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DVD Review: Split Ends

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Lizzie Munro (Corinna May), a Scottish transplant, has a nice salon in an old part of fictional Manningtree, New Jersey. Her problems include a gutless “separated” boyfriend, a bad electrical panel, and eminent domain. Tiny Provenzano (Vincent Pastore) is the mayor who stands to make a fortune when a block of buildings are seized and turned into a shopping mall/condo complex. Many small business owners will be forced to sell, and the neighborhood will be gentrified.

Lizzie’s weak-kneed boyfriend, Len (Beau Baxter), is unwilling to support her fight to save the buildings and is one of the first to sell out. His popular coffee shop is an early casualty. His relationship with Lizzie is next.

Romanced by a new salon customer, Lizzie soon learns that her latest squeeze is actually a consultant with the company behind the new development. “Up your kilt with a banger,” is her parting shot to him, along with a famous New Jersey (via Italia) gesture. The audience heaves a sigh of relief when that split end is removed.

Lizzie manages to get a huge turnout for a council meeting that would normally go unattended (the council’s earlier meetings seem suspiciously like real town council meetings, with the mayor seconding his own motions when no one else speaks up). Hours pass while the council discusses a variety of boring agenda items before the meeting finally addresses the issue everyone has come to hear. Citizen after citizen address the council, speaking out against the project. The mayor tries to cut things short—he has an awful lot to lose—but in true Scottish-American spirit the people, particularly Lizzie, have their say.

Split Ends is an independent film with a heart. Its sense of place (northern New Jersey) is well established, the performances and direction by Dorothy Lyman do justice to a familiar story (the underdog vs. the establishment), and there’s just enough cannoli and coffee to make this Jersey girl homesick. It’s the kind of movie the viewer hopes will have a feel-good ending, although it doesn’t go all the way to highly-unlikelyville to achieve it (well, maybe halfway). The split ends are trimmed, the hair is intact, and it might just be time for a few new highlights.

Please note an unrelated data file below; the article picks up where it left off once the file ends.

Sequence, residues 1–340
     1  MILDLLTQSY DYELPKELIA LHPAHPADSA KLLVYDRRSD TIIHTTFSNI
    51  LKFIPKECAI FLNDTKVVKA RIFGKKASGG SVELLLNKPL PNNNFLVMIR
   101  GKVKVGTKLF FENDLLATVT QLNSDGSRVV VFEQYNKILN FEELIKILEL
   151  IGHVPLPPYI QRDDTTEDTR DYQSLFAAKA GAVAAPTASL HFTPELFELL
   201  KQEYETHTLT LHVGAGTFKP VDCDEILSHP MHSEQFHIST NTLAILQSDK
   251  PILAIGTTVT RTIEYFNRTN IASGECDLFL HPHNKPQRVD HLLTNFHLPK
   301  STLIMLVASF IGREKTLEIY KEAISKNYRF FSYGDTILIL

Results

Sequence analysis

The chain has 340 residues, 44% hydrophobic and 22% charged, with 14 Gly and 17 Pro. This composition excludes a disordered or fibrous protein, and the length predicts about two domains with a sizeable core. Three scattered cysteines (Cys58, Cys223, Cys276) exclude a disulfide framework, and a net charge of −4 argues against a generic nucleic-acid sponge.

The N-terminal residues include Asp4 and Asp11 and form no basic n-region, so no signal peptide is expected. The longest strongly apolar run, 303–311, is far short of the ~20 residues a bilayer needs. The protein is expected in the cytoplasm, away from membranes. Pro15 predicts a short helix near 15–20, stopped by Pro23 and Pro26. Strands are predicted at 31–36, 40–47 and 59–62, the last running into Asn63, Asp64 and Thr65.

In addition to the scenic Clifton (and Botany Village) settings, Split Ends charms with traditional Scottish music and even a few moments with a bagpiper. Vincent Pastore gives an accurate portrayal of a certain type of Jersey guy, and Janet Sarno enchants as Aunt Connie Provenzano, the woman with the Hoboken cannoli connection.

Split Ends is a sweet movie—not terribly deep—that gives the viewer a happy conclusion to small vs. big, and dollars vs. cents. Extras include a trailer and photo gallery.

Bottom Line: Would I buy/rent Split Ends? Rent (or stream); it’s escapist fare that works.

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About Miss Bob Etier

  • JamesFolley

    November 6, 2010

    A review of the movie Split ends by TheSalonGuy.

    A touching close to home movie about a Scottish born Hair Stylist struggling to keep her business open while local government, corruption and charm try to take over her property.

    A slow start suddenly turns into an emotional suspenseful tale of the true life of a Salon Owner. While finally paying off her property and looking to grow her business, local government and corrupt investors attempt to take over the local stores to build “Cortona”. A luxury mall and condo complex that will replace dozens of local shops. The storyline may be somewhat familiar; however the movie grew on me. It had a “cult classic” feel to it which was very appealing after a somewhat slow start. If you are a fan of movies that have dry humor, seduction and corruption which many classic movies do, then I highly suggest checking out this film. It is a true representation of the passion, dedication and love for people that Hair Stylists really have. Despite a charming handsome Investor, a corrupt local government and a sleazy Mayor, Salon Owner Lizzie Munro doesn’t give up and fights to keep her business open. This is a great tale of inspiration, perseverance, dedication and passion. There a many racy and romantic moments in the film, roller sets and good Italian food. I highly suggest checking out the film as it will bring a smile to your face and remind you about how we should love our profession.